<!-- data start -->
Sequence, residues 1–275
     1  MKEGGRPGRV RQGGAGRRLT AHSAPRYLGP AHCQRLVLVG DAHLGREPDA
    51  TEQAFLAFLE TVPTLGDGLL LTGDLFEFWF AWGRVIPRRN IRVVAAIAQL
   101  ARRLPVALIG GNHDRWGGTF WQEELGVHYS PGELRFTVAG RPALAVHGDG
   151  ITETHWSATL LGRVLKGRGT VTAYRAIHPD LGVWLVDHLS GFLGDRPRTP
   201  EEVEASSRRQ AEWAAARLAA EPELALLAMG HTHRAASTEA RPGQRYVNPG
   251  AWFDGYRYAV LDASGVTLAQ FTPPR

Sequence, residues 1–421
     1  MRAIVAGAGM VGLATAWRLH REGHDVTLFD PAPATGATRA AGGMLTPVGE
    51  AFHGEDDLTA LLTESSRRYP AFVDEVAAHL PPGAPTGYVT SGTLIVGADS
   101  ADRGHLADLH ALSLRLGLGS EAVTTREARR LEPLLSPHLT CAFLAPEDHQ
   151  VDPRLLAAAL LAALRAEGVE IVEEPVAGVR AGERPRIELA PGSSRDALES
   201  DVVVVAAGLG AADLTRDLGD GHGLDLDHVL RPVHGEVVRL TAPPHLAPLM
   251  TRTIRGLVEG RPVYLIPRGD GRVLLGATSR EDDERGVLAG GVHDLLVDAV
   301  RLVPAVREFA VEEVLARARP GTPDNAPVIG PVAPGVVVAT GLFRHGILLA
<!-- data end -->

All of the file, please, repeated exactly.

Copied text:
Sequence, residues 1–275
     1  MKEGGRPGRV RQGGAGRRLT AHSAPRYLGP AHCQRLVLVG DAHLGREPDA
    51  TEQAFLAFLE TVPTLGDGLL LTGDLFEFWF AWGRVIPRRN IRVVAAIAQL
   101  ARRLPVALIG GNHDRWGGTF WQEELGVHYS PGELRFTVAG RPALAVHGDG
   151  ITETHWSATL LGRVLKGRGT VTAYRAIHPD LGVWLVDHLS GFLGDRPRTP
   201  EEVEASSRRQ AEWAAARLAA EPELALLAMG HTHRAASTEA RPGQRYVNPG
   251  AWFDGYRYAV LDASGVTLAQ FTPPR

Sequence, residues 1–421
     1  MRAIVAGAGM VGLATAWRLH REGHDVTLFD PAPATGATRA AGGMLTPVGE
    51  AFHGEDDLTA LLTESSRRYP AFVDEVAAHL PPGAPTGYVT SGTLIVGADS
   101  ADRGHLADLH ALSLRLGLGS EAVTTREARR LEPLLSPHLT CAFLAPEDHQ
   151  VDPRLLAAAL LAALRAEGVE IVEEPVAGVR AGERPRIELA PGSSRDALES
   201  DVVVVAAGLG AADLTRDLGD GHGLDLDHVL RPVHGEVVRL TAPPHLAPLM
   251  TRTIRGLVEG RPVYLIPRGD GRVLLGATSR EDDERGVLAG GVHDLLVDAV
   301  RLVPAVREFA VEEVLARARP GTPDNAPVIG PVAPGVVVAT GLFRHGILLA